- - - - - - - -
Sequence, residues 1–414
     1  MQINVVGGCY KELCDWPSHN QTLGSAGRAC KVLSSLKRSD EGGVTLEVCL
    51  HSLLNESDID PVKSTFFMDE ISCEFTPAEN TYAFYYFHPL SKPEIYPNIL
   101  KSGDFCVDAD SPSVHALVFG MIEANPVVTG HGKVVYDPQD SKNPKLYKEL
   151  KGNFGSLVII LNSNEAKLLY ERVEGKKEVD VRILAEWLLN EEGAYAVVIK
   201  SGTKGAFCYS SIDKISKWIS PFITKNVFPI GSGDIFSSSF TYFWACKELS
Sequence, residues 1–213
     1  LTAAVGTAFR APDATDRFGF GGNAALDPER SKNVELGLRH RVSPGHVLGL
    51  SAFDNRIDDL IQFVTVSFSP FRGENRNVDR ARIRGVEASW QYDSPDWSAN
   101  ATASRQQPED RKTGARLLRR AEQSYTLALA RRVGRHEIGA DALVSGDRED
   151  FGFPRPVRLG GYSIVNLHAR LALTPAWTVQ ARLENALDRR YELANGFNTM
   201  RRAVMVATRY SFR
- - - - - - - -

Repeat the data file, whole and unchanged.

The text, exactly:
Sequence, residues 1–414
     1  MQINVVGGCY KELCDWPSHN QTLGSAGRAC KVLSSLKRSD EGGVTLEVCL
    51  HSLLNESDID PVKSTFFMDE ISCEFTPAEN TYAFYYFHPL SKPEIYPNIL
   101  KSGDFCVDAD SPSVHALVFG MIEANPVVTG HGKVVYDPQD SKNPKLYKEL
   151  KGNFGSLVII LNSNEAKLLY ERVEGKKEVD VRILAEWLLN EEGAYAVVIK
   201  SGTKGAFCYS SIDKISKWIS PFITKNVFPI GSGDIFSSSF TYFWACKELS
Sequence, residues 1–213
     1  LTAAVGTAFR APDATDRFGF GGNAALDPER SKNVELGLRH RVSPGHVLGL
    51  SAFDNRIDDL IQFVTVSFSP FRGENRNVDR ARIRGVEASW QYDSPDWSAN
   101  ATASRQQPED RKTGARLLRR AEQSYTLALA RRVGRHEIGA DALVSGDRED
   151  FGFPRPVRLG GYSIVNLHAR LALTPAWTVQ ARLENALDRR YELANGFNTM
   201  RRAVMVATRY SFR